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You can’t do just one thing. You can’t have crippling inflation, expect it to have no effect on the economy, expect consumers to keep consuming as they had been, and expect businesses to keep rolling in profits. Now it shows.

People spend more when they have more money and access to credit. People save more when money is tight or they worry about the future. What makes people worry? Nothing complicated to figure that out. People are now worried about the future—their jobs, their debts, and their incomes.

The Conference Board reported that because of worries about inflation and rising interest rates consumer confidence sits at a 1 ½ year low and has eroded to the lowest since February 2021, the third straight month of decline. That points, they fear, to slower economic growth starting in the third quarter of this year, growth that has slowed ahead of the third quarter with the .9 percent decline in the Gross National Product for the second quarter in addition to the 1.6 percent decline in the first quarter.

The survey reported that consumers are “sharply reassessing their spending plans now.” Buy refrigerators and washing machines, forget about that in the next six months of so. They also have forgotten about buying a new home as new home sales fell to their “lowest level in just over two years in June,” reports Reuters. And buying a new car? “Cox Automotive estimates that U.S. car sales came out to 1.2 million units, which is 7.5% lower than a year ago,” reported Consumeraffairs.com on July 5.

Even more telling might be the Expectations Index. That’s based on “consumers’ short-term outlook for income, business, and market conditions,” at 65.3, the lowest since March 2013. “The persistent reading below 80 keeps a recession in play,” reported Reuters on July 26.

In general, with money tight, economists say people fall back to what they know, comfortable brands and products while they spend more at home including remodeling. But that’s generally. Now it’s worse. We’re beyond what’s comfortable and known. People are cutting back to essentials. They either can’t spend, except of essentials, or save because inflation has eaten up their buying power.

TVs, clothes, and appliances languish on the shelves, calling to consumers to stop on the way to the grocery section, but looked at by consumers as unaffordable luxuries. Walmart reported on July 25 that people are shying away from general merchandise because they can barely afford food. And food is what they’re buying, even if they have to pay for it by going into more credit card debt.

Meanwhile Walmart expects adjusted earnings per share for the second quarter to decline about 8 percent to 9 percent and for the year 11 percent to 13 percent. That’s after expecting them “to be flat to slightly up for the second quarter and to drop by about 1 percent for the full year,” reported CNBC on July 25.

CNBC also reported that Target, experienced similar issues. “Last month . . .said its profit margins would take a hit as it canceled orders and marked down merchandise.”

Sure, retail sales jumped one percent in June, but that figure doesn’t adjust for inflation which ate up most of the increase in sales figures. Adjusted for inflation, they decreased .5 percent. Hourly earnings rose nine-plus percent in the last two years but got made moot with the 15 percent increase in prices over the same time period.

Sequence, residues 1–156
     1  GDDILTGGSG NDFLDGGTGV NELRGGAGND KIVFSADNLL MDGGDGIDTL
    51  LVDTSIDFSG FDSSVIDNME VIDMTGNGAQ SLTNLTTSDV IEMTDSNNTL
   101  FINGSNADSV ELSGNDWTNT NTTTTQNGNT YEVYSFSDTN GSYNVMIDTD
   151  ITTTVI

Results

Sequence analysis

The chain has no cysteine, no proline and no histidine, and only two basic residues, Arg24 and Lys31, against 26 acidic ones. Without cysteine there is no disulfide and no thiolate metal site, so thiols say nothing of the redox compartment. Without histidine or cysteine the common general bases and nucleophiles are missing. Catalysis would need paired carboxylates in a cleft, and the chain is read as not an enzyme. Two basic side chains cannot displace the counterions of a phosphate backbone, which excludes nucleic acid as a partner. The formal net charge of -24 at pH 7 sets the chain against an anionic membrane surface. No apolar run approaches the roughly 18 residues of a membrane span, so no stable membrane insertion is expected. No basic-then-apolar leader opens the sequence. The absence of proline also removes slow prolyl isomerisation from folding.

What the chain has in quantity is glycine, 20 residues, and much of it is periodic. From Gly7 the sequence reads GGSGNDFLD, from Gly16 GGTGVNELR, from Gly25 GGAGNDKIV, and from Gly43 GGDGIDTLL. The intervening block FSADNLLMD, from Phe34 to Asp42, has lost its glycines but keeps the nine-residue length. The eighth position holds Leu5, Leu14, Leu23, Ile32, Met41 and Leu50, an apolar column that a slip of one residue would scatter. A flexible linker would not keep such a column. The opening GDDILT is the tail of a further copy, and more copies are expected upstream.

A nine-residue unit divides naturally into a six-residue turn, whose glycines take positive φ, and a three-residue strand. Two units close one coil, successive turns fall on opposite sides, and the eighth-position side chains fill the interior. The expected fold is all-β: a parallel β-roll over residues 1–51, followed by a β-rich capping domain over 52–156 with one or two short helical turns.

Combine all that with the fact that people are using their credit cards to pay for food and other necessities, running up debt that they may have trouble paying off. If they lose their jobs, paying off the debt will be especially problematic.

With people forgetting about dining out and forgoing buying building supplies, clothing, general merchandise, and health and personal care products, company profits suffer. When company profits take a hit, layoffs begin. The first business failures come from small businesses, which, when sales dry up, have to either lay off the few employees they have or close up shop completely, cutting the jobs of the employees and the owners. Large companies are better able to withstand economic downturns, especially if they can diversify or pivot into producing essential products such as food and transportation, but not being immune, the layoffs take longer.

But, not so fast, the big business problems have already begun. For example, Bloomberg News reported on July 22 that “Ford is planning to cut 8,000 positions in the coming weeks. Electric car maker Rivan is cutting 700 jobs, delivery startup Gopuff is laying off 1500 and Loan Depot is cutting 4800 jobs this year,” all large companies that produce non-essentials, which consumers can forget about buying right now.

Meanwhile, the Washington Post reported, citing a ZipRecruiter report, that “The number of active job postings across multiple online platforms has declined for five straight weeks.” Tech hiring fell 9.1 percent in June compared with a 5.4 percent decline in hiring across all industries, reported LinkedIn. In addition, first-time unemployment filings rose 7,000 the week of July 11 “and are up 51 percent from mid-March” despite remaining at near historic lows.

Sure employment is better than it’s been for three years or so, but with the economy on edge and teetering dangerously toward recession, the hope for continued “good times” gets hammered by declining consumer confidence. Perception is everything. What people perceive drives them, and now they perceive that the economy is in trouble and they had better hunker down as best they can.

Despite all the troubling figures, Treasury Secretary Janet Yellen takes her rose-colored glasses out of their case, puts them on her nose, and states in a news conference, “This report indicates an economy that is transitioning to more steady sustainable growth.” You have to wonder what she means by “sustainable.”

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